Note Taking

Written by Jen Nichol
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When we attend an interesting lecture or an important meeting, we want to remember all the salient points the speaker had to offer. However, we usually end up pushing ourselves to try to get down everything we hear that the event stops being enjoyable.

Have you ever been in a well-attended and interesting seminar and forgotten paper and pen? Do you remember how much you were able to see and feel the points the speaker was making? It was fun! The pressure was off you to scribble everything down, and being able to watch the body language and any visuals that were presented probably helped you retain more information than any bunch of messy pages would do.

What Kind of Note Taking Can I Learn to Make Meetings More Enjoyable?

Well, anything that uses a minimum of effort and head-down writing will allow you to interact more freely with the material presented. Such methods as shorthand writing and computer shorthand can teach you to transcribe thoughts freely and easily without getting bogged down in nonessentials.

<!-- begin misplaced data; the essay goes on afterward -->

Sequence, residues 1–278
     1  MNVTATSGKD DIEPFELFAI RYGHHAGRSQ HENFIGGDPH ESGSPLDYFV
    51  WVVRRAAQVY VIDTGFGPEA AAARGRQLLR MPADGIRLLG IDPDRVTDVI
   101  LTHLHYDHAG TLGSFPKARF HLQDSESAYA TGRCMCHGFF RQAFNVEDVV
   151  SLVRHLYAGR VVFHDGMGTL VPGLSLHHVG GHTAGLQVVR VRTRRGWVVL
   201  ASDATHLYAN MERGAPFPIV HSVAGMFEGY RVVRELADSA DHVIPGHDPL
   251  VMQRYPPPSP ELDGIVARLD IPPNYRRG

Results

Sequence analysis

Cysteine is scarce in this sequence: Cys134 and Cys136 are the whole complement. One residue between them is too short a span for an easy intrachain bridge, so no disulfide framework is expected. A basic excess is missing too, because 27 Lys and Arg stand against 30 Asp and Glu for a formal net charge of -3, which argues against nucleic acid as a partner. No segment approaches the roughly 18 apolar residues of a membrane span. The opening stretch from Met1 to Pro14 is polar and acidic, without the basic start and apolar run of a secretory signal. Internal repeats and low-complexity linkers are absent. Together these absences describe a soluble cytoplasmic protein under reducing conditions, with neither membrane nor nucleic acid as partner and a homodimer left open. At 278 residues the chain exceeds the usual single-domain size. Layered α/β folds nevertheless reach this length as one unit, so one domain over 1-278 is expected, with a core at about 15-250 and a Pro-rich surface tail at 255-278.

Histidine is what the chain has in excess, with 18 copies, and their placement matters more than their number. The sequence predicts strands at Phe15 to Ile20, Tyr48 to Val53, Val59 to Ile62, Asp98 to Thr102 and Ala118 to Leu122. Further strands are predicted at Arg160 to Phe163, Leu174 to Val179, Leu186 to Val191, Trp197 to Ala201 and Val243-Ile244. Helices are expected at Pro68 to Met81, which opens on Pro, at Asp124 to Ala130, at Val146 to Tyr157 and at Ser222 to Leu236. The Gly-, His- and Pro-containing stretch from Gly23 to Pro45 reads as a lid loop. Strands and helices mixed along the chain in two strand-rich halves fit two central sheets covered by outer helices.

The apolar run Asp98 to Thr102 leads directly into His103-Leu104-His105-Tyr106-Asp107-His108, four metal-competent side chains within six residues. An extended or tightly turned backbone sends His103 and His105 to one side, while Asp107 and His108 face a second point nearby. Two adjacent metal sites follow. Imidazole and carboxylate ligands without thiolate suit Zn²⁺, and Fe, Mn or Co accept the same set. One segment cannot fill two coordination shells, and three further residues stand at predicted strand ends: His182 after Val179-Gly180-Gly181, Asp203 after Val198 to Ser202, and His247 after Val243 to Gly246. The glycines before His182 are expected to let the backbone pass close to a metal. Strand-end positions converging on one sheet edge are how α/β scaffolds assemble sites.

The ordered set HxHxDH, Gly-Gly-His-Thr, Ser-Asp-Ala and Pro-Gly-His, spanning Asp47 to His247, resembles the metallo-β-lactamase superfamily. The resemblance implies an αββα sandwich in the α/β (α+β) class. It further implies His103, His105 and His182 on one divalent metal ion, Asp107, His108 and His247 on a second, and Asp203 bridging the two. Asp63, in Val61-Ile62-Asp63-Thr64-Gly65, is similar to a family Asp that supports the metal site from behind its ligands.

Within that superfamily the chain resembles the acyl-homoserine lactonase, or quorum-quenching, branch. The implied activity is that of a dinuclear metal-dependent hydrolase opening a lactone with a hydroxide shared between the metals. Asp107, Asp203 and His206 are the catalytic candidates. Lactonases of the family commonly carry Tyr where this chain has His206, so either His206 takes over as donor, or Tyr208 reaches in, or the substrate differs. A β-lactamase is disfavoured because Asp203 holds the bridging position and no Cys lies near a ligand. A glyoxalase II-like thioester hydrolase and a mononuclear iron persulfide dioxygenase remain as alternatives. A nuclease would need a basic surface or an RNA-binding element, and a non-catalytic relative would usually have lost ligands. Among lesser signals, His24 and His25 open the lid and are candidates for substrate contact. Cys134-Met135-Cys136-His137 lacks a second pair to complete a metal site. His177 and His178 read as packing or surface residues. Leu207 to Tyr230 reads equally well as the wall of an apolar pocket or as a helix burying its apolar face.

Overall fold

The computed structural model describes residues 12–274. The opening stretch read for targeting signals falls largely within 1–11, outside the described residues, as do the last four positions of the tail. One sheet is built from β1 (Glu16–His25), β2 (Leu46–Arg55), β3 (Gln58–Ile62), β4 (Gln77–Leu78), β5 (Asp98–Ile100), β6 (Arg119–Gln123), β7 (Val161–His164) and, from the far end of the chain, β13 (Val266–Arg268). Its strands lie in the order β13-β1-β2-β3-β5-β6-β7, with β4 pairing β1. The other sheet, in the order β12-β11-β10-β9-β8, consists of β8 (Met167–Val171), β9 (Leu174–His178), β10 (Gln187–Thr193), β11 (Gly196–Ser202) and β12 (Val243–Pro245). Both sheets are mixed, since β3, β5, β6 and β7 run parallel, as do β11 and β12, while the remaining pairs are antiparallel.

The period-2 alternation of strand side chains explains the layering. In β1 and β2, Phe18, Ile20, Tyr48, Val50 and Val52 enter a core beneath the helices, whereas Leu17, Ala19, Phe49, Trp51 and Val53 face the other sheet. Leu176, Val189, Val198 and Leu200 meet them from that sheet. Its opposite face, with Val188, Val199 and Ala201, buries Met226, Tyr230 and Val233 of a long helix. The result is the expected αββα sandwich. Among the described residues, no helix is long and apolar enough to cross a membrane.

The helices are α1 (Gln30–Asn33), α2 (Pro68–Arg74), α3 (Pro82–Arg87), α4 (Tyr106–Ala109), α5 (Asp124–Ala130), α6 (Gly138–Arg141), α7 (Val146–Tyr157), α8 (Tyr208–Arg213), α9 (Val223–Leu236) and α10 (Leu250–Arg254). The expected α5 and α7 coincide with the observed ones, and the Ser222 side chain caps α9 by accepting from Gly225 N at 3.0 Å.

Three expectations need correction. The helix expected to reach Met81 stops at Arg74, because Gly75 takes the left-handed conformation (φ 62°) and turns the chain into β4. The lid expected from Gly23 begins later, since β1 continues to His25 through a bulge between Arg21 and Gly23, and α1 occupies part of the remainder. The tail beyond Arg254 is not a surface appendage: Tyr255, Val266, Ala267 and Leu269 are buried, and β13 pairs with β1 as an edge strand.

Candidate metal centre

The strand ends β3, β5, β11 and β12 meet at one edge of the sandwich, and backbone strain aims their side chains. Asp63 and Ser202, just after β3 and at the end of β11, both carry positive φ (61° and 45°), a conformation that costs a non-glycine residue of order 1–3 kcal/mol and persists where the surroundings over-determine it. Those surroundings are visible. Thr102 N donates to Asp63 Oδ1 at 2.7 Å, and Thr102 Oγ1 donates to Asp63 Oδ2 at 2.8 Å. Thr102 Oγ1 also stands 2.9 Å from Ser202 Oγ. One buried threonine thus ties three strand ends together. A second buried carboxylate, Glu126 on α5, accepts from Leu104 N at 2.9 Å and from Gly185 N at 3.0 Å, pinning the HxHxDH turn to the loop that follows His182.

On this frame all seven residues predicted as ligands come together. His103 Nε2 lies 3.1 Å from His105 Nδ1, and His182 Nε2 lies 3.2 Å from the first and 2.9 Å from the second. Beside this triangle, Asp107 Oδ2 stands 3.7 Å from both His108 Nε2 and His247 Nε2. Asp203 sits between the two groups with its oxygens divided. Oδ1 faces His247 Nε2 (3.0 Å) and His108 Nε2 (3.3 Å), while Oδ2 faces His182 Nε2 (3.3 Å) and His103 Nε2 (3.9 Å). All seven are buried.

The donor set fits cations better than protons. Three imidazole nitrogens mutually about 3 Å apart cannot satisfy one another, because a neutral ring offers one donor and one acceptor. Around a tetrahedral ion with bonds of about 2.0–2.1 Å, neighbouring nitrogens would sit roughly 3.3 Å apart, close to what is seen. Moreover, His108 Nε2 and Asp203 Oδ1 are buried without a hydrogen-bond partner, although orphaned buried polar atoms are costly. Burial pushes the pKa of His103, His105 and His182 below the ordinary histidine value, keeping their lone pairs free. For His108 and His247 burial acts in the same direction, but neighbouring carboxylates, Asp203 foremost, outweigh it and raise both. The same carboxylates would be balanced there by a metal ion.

The whole purpose of note taking is to persuade oneself to remember important facts and information. Yet, how likely are we to be to even want to decode our harried and messy handwriting after a demanding meeting? Our note taking skills can be greatly improved with the use of some simple shorthand tools.


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